Larry Brooks has been around forever. He was tougher than nails when he
raced as a top-10 pro for years, and he has carried that passion over
into his thriving career as a team manager. With the 2006 Amp’d Mobile
Supercross Series coming up, I sat down with the Red Bull KTM team
manager to find out how he got where he is today, what it was like
working with Jeremy McGrath, and how he mended fences after the Mike
Alessi debacle at Glen Helen.
Larry cheers on his Red Bull KTM riders
Racer X: Okay, Larry, tell us how you got to be the team manager for the Red Bull KTM race team.
Larry Brooks: I started out racing. In fact, I spent 13 years on the
national tour, and before that, I raced minibikes for Suzuki and
R&D Racing. My first gig as a team manager was with the Chaparral
race team. Me, Greg Schnell, and Brian Deegan were all racing and I was
the acting team manager also. The next year, the team was sponsored by
Yamaha, and as Yamaha’s support team we had Phil Lawrence, Chad
Pederson, Michael Brandes, Jimmy Button, and Travis Preston. That year
was pretty good. My first couple years taught me what a team manager
had to do on a daily and weekly basis.
And your next hire was a pretty good one.
[Laughs] Yeah, the following year we were lucky enough to get
Jeremy on the team with Button. Yamaha stepped up our support and gave
us full-factory equipment. Jeremy won eight main events that year and
Jimmy had a couple podiums for us too. That was huge when we would go
1-2 at a supercross. I can’t even explain how cool that was; it was a
blast. Working with those two guys was great. They are a lot of fun and
we are all still friends.
Brooks shows his sense of humor with team riders Mike and Jeff Alessi
next couple years we had Steve Lamson and Jeremy, and MC won the
championship both times. After that, he started his own team with
Yamaha and Mazda trucks, and then the next year was with Yamaha again,
but with Bud Light as the sponsor. I was fortunate enough to go along
with Jeremy and act as team manager for him both of those years. Things
went well, even though we didn’t win any championships on our own. That
was kind of the changing of the guard when [Ricky] Carmichael stepped
it up. He is still the guy to beat to this day.
How did you end up with KTM?
When Jeremy retired right at the start of the 2003 season was when I
came over to KTM. My first year, we had Grant Langston and Ryan Hughes
going 1-2 in the 125 Nationals, which was really good. I had never
finished first and second in a championship before as a team manager,
so I was stoked. The following year we had a rough time. We had the
same guys that were finishing out their existing contracts, and we
didn’t have our 250F yet. All the other teams were running four-strokes
and we were still racing the 125. The riders were having a hard time
getting starts, and they were getting bummed out. It was time to make
changes, and the next year we let everyone go and started fresh with
some young riders that we felt would excel.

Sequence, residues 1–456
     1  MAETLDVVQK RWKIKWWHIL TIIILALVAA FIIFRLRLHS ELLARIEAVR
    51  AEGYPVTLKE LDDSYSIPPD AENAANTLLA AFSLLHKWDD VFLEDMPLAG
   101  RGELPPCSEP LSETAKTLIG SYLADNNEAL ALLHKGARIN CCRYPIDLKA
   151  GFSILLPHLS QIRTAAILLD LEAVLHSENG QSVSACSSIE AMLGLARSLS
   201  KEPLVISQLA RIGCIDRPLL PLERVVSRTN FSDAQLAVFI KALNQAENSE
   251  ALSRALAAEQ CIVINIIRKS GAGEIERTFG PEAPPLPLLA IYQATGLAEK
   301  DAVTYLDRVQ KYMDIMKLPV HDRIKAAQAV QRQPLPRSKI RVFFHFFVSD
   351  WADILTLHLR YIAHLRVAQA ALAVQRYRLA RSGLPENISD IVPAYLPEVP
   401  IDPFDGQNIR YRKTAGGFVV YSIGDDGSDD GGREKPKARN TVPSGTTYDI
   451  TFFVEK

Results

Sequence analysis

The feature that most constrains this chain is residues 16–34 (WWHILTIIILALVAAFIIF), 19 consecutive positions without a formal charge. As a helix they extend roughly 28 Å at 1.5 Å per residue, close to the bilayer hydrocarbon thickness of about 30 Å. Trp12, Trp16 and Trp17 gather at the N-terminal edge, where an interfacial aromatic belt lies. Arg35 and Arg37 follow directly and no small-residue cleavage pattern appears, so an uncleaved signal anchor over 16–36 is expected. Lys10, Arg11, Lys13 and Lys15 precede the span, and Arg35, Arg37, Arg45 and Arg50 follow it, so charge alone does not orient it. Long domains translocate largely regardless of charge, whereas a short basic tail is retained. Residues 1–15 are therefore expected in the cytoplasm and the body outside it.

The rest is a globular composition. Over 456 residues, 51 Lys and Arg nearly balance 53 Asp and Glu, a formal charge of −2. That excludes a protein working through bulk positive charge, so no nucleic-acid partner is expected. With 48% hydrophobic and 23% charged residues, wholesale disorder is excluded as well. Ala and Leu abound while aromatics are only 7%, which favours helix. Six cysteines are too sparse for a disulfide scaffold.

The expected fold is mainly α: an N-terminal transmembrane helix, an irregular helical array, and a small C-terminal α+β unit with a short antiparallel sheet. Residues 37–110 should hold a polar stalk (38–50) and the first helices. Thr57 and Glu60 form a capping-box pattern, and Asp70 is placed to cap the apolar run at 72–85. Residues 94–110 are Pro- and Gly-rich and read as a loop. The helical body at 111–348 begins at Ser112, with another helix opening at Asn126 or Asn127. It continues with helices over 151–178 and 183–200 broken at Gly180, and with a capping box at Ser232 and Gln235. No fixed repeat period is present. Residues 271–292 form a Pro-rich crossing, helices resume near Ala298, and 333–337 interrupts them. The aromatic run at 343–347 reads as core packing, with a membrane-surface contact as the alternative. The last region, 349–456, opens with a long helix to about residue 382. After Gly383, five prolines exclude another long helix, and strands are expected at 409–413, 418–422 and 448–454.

That would be Josh Hansen, the Alessi boys, the not-so-young Nathan Ramsey….
Yeah, and we had a great season last year with this team. We won a
bunch of 125 Supercross races—I think five in the US plus both Canadian
rounds—and finished second in every series [Ed. note: But Mike Alessi
was DQ’d at the final round, relegating him to third in the series.]
And I think we were the winningest manufacturer in the 125 class in
2005. It was a special year for KTM. And for this year we’ve massaged a
few things on the bike that we thought we could improve and I think we
will have an even better season in 2006.
Is it a handful dealing with young riders like the Alessi boys and Hansen?
Actually, my biggest problem is that I have a team full of winners.
They all want to win at the practice track and in practice at the race
and qualifiers and the main events. None of them are good at losing.
It’s hard to deal with a bunch of guys that have the potential to win.
Controversy is going to break out eventually. I can’t slow these kids
down. I can tell them to take it easy or relax, but you can’t break
their spirit and discourage them from wanting to win. They are like
racehorses that way. It is a challenge dealing with all these winning
personalities, but I’d rather have that problem any day than deal with
a team full of losing personalities.
Larry and Jeremy in the Chaparral Yamaha days
Alessi and Ivan Tedesco had their now-infamous run-in at Glen Helen, I
saw Mitch Payton look over at you and say something—and it didn’t look
like he was happy. I know you have been friends for a long time, so how
did you guys deal with that?
It was a bummer that something that happened on the track between
racers got in the way of our friendship. He doesn’t agree with the way
that KTM went into that race because we were competing against his
guys. But it’s the guys on the track, and we can’t control what they do
in a situation like that. Mike made a bad decision at the time and it
worked against him. I think he got enough penalties and fines to last
him a lifetime. It cost him second in the points, rookie of the year,
and a ton of money. Hopefully, he matured because of it. I just don’t
think that the way the riders handle themselves on the track should
affect how we get along off the track. Mitch and I are both competitive
and both enthusiasts, and we both get into it. We had a long talk after
the race for a couple hours. We patched things up, and we decided to
let what happened that day stay at Glen Helen. We are both just kind of
walking away from it.
Sounds like you’re ready for another great season, LB. Good luck.